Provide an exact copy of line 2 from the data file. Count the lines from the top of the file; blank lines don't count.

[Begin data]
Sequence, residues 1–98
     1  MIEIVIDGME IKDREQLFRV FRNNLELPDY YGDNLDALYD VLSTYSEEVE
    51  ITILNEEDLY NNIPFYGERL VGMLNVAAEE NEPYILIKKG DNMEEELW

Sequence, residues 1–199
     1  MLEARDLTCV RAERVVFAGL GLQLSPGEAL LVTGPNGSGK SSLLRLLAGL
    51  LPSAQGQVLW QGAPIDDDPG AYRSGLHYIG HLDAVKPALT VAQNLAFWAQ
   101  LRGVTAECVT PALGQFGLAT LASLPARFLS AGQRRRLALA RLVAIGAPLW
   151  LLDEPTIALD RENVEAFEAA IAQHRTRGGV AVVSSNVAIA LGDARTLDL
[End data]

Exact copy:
     1  MIEIVIDGME IKDREQLFRV FRNNLELPDY YGDNLDALYD VLSTYSEEVE